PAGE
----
Connecticut, like many other states, does not have specific laws regarding Released Time. As a result, a Released Time program in Connecticut would need to obtain permission from the local school board for students to participate in the program.
It would also need to ensure compliance with the court approved guidepost for Released Time programs. These include:
1) The school cannot fund the Released Time program, other than de minimis administrative costs (such as the costs of a school board approving a local Released Time policy).
2) Released Time programs cannot take place on school premises; and
3) Student participation in Released Time programs must be voluntary. There cannot be any coercion on the part of any school official.
However, these three points are not exclusive. One should conduct thorough research on the latest state and federal laws and court decisions to determine if there are any updated guidelines for a Released Time program to follow.
Keep in mind that school officials are not required to approve a program. An organization that wishes to start a new program should determine who in the school district can authorize a program and make an appointment to see that person. If the principal refers the organization to the school board, it would be wise to meet individually with school board members before presenting the concept at a meeting of the whole board.
1969 Conn. Op. Att’y Gen. WL 14928
This opinion addresses Released Time by acknowledging that “when the primary, and not the incidental, effect of governmental activity is the assistance of religion, then such activity is improper.” While the “voluntary religious instruction of school children, conducted on school premises, has been invalidated … such instruction has been upheld where it takes place off school property, when the children are voluntarily released during the school day.”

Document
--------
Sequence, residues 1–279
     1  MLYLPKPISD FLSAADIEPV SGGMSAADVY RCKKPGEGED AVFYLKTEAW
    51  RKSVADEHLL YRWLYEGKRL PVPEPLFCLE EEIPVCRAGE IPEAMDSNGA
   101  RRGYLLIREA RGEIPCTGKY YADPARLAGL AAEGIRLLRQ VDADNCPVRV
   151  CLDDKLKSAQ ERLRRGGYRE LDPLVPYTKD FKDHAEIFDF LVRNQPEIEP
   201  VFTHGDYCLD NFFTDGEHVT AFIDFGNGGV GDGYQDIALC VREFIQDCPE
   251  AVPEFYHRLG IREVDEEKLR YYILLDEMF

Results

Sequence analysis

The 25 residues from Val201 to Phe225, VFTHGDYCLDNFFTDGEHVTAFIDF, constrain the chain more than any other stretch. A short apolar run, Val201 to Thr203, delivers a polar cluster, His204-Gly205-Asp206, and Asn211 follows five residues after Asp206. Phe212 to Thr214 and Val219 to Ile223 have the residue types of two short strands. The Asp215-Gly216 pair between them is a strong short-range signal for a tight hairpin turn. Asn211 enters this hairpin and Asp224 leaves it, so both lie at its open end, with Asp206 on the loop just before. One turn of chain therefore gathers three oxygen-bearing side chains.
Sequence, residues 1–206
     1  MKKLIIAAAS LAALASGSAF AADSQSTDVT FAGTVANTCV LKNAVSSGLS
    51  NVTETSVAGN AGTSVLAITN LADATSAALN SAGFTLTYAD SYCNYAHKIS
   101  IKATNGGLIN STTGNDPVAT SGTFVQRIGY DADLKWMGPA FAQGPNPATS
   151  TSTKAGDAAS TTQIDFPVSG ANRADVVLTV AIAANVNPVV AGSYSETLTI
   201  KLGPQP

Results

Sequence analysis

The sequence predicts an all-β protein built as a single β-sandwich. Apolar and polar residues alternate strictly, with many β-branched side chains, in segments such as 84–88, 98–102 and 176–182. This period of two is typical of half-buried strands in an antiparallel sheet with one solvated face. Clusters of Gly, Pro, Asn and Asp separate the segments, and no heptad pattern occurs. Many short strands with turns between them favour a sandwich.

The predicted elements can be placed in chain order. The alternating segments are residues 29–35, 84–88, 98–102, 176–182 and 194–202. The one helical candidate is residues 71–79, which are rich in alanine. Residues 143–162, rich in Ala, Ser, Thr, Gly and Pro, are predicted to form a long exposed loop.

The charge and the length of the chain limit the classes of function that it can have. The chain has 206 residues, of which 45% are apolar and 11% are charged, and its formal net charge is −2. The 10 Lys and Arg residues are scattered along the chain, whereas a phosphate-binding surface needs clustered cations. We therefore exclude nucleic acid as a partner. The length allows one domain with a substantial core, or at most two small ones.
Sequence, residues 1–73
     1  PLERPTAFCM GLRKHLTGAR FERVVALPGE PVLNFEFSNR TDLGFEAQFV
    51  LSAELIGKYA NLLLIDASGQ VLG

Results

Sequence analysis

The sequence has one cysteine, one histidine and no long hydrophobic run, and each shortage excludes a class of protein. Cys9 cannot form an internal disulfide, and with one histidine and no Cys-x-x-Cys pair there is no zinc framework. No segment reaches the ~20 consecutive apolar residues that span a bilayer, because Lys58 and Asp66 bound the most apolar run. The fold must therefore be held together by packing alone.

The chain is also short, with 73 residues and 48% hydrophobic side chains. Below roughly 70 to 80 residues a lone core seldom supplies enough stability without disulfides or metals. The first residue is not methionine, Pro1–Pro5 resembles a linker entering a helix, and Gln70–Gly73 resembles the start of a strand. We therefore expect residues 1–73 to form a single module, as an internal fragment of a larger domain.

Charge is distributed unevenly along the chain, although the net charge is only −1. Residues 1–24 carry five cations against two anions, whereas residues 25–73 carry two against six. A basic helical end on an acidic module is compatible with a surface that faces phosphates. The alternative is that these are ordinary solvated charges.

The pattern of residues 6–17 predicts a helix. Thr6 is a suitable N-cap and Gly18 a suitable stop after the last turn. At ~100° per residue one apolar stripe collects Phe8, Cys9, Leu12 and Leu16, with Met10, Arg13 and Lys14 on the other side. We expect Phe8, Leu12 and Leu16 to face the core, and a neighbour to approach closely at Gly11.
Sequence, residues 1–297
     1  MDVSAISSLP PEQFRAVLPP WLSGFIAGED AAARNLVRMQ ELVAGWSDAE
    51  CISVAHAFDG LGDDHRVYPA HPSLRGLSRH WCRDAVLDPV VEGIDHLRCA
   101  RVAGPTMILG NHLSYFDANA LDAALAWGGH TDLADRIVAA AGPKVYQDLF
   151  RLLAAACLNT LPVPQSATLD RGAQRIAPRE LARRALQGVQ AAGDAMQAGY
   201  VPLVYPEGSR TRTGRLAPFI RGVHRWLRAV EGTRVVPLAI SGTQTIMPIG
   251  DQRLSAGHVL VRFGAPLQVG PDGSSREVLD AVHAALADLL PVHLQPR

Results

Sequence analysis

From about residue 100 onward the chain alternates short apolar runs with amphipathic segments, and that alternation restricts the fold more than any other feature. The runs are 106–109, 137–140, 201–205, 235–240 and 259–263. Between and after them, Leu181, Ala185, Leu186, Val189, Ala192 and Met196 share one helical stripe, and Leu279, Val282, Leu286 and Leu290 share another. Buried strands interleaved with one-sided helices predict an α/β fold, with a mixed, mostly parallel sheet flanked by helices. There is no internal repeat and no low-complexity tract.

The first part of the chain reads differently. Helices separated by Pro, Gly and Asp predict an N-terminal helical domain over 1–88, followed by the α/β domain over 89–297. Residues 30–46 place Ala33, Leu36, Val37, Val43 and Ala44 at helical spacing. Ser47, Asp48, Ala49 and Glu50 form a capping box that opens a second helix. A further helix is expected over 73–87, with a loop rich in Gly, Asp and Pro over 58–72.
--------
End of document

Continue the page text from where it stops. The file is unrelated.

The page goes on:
Pierce ex rel. Pierce v. Sullivan West Central School District, 379 F.3d 56 (2d Cir 2004)
In Pierce, the 2nd Circuit Court of Appeals held that New York’s Education Law provision allowing “Released Time” from public schools for religious instruction did not violate Establishment Clause as implemented by school district. The local program did not use public funds or involve on-site religious instruction, the program was purely voluntary, and there was no specific coercion or pressure brought to bear on non-participants by school officials.
In McCreary v. Stone, 739 F.2d 716 (2d Cir. 1984), the 2nd Circuit Court of Appeals referenced Zorach v. Clauson as standing for the proposition that a “program allowing release of students during school hours for religious instruction” did not violate the Establishment Clause of the First Amendment. Id. at 726. Similarly, in Katcoff v. March, 755 F.2d 223 (2d. Cir. 1985), the 2nd Circuit cited Zorach as “upholding school released time program for religious instruction outside [the] city’s school system.” Id. at 233.
*The rulings of the 2nd Circuit Court of Appeals are binding precedent in Connecticut, New York, and Vermont.